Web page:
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Two years ago on Halloween, resident linguist Neal Whitman explored the origin of the word Halloween. Just in time for the candy and costumes, we're revisiting his questions: how and why did eve turn into e'en? For that matter, what is a hallow? Why did the all get dropped?  Continue reading...
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Last night, the Council of Literary Magazines and Presses held its annual Spelling Bee in New York, supporting the work of independent literary publishers, and once again the Visual Thesaurus was proud to play a part. For the sixth consecutive year, the VT supplied the words that challenged the literary contestants. This year, the British novelist Patrick McGrath emerged victorious.  Continue reading...
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Mansplaining — a fella explaining something, unnecessarily and often incorrectly, with oodles of condescension — is as old as the hills. The word itself has been around since about 2009, but it's blossomed since, providing a potent weapon in women's arsenal against overbearing dudes.  Continue reading...
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In English language learning, most course books introduce verb tenses in a highly regimented fashion. As a result, many teachers who want to use short narratives for their elementary classes feel stymied because the linguistic devices from which stories are made don't follow the strict order prescribed by the course books. "It will confuse the students" is the most common cry to be heard. But this is wrong: it will not confuse the students at all.  Continue reading...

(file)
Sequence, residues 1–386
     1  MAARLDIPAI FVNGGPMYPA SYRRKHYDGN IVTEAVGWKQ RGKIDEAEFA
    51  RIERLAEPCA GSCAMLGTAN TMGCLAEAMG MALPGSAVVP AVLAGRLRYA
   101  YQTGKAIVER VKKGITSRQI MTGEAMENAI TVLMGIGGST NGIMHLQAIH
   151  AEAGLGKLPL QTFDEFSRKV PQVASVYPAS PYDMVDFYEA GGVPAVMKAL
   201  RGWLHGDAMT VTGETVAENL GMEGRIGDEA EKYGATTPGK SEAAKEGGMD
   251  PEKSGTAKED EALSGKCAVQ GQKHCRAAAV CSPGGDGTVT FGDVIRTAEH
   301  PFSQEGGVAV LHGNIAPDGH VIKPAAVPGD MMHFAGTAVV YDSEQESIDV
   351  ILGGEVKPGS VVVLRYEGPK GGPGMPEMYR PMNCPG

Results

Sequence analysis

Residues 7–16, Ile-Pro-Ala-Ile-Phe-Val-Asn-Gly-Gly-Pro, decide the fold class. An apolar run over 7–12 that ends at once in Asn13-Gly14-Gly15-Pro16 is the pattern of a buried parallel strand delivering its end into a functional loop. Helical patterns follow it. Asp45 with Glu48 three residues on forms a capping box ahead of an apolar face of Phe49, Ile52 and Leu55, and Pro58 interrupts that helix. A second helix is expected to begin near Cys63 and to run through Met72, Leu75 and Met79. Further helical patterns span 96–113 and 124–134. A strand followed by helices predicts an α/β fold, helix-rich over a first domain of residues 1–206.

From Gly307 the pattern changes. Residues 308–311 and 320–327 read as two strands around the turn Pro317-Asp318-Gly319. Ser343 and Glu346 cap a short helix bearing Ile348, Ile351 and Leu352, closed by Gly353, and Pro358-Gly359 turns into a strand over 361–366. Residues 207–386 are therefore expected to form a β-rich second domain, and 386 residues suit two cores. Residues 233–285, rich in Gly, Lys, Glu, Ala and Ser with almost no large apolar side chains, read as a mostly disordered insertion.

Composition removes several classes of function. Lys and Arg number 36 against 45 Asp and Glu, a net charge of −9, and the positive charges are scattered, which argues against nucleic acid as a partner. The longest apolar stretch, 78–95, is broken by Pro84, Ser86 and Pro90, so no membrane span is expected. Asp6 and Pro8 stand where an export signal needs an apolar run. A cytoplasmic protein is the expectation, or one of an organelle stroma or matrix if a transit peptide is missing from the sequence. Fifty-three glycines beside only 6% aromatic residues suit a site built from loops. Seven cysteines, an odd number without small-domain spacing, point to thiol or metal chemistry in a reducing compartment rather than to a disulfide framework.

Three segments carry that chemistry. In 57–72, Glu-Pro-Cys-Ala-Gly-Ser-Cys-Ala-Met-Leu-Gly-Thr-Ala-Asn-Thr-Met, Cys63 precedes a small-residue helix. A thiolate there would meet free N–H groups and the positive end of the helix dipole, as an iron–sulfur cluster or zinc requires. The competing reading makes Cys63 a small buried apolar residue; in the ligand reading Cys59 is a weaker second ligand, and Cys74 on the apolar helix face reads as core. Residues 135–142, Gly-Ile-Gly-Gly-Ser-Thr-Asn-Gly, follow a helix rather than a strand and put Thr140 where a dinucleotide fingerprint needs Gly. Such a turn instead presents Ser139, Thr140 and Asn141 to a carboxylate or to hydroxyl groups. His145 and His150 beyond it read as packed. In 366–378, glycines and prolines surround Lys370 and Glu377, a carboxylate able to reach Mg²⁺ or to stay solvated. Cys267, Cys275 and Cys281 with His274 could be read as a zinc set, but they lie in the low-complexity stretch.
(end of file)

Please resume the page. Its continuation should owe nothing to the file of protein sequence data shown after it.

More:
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For the October edition of the Visual Thesaurus crossword puzzle, we've got a Halloween-themed crossword. Figure it out and you could win a Visual Thesaurus T-shirt!  Continue reading...
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For two weeks we highlighted phrases that are written from what people hear, sometimes with amusing results. A reader asked: "Aren't all those [examples] mondegreens, like 'very close veins' when 'varicose veins' is meant?" Yes and know.  Continue reading...
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Recently a reader of the Copyediting newsletter (which I edit) asked me about the phrase take a decision. Shouldn't it be make a decision? In researching the answer, I learned that make and take were examples of "light verbs." It's a concept that few besides linguists are concerned with, if my research is accurate, but one that if writers were more aware of could have a profound effect on their writing.  Continue reading...
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1 2 3 4 Displaying 1-7 of 24 Articles